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Street Art Finds A Vacant Home

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The vacant home on Fremont Avenue.July 26, 2013

Tom Hall recently went to what’s left of a dilapidated house on Fremont Avenue in West Baltimore. It’s a reminder of the neglect and decline that has troubled that neighborhood, and many neighborhoods like it, for years. And, it’s also, in its own way, a work of art. A mural on one of the walls, depicts stairs and scaffolding that cascade down three flights, interrupted only by the rotting red brick of what’s left of the wall.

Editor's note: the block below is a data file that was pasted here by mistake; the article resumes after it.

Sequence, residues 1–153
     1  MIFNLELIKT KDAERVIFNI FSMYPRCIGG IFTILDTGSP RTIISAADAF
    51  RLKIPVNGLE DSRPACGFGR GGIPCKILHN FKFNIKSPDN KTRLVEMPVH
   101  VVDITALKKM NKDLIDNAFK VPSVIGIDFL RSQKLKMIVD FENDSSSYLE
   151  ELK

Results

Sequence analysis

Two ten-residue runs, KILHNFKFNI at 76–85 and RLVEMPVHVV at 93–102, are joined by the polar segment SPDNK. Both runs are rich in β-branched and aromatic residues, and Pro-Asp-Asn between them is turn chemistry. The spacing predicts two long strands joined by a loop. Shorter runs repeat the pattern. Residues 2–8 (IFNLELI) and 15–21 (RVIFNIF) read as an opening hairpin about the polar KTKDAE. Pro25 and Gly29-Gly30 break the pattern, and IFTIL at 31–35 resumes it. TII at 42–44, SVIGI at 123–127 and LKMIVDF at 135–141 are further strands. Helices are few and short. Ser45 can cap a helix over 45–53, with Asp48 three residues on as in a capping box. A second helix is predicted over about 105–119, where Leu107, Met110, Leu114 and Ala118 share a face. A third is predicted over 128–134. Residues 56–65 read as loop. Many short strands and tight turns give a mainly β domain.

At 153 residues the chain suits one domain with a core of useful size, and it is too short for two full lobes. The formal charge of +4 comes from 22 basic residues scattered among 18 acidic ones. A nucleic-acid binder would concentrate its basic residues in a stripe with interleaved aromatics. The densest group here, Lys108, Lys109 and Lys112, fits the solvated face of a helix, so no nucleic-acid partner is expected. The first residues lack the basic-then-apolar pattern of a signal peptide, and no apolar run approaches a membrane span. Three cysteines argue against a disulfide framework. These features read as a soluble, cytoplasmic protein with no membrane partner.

The mural is the product of a group of artists and activists who want to draw attention to the estimated 16,000 vacant buildings in Baltimore. The artists are led by the street artist known as Nether, who founded a group called Wall Hunters. They install paintings and sculptures on and around vacant properties to call out the owners, and the politicians in whose legislative districts they stand. Along with the art, they post QR codes on the buildings, so with a click of your smartphone, you can be taken to a website called Baltimore Slumlord Watch. There, you’ll find out the names of the people who own it, and other publicly available information about the property. The website is run by Carol Ott. She’s also the director of a non-profit organization called Housing Policy Watch.

Tom talks with Nether and Carol Ott about "The Slumlord Project".

See pictures of more Slumlord Project murals here.


 E-mail: mdmorning@wypr.org

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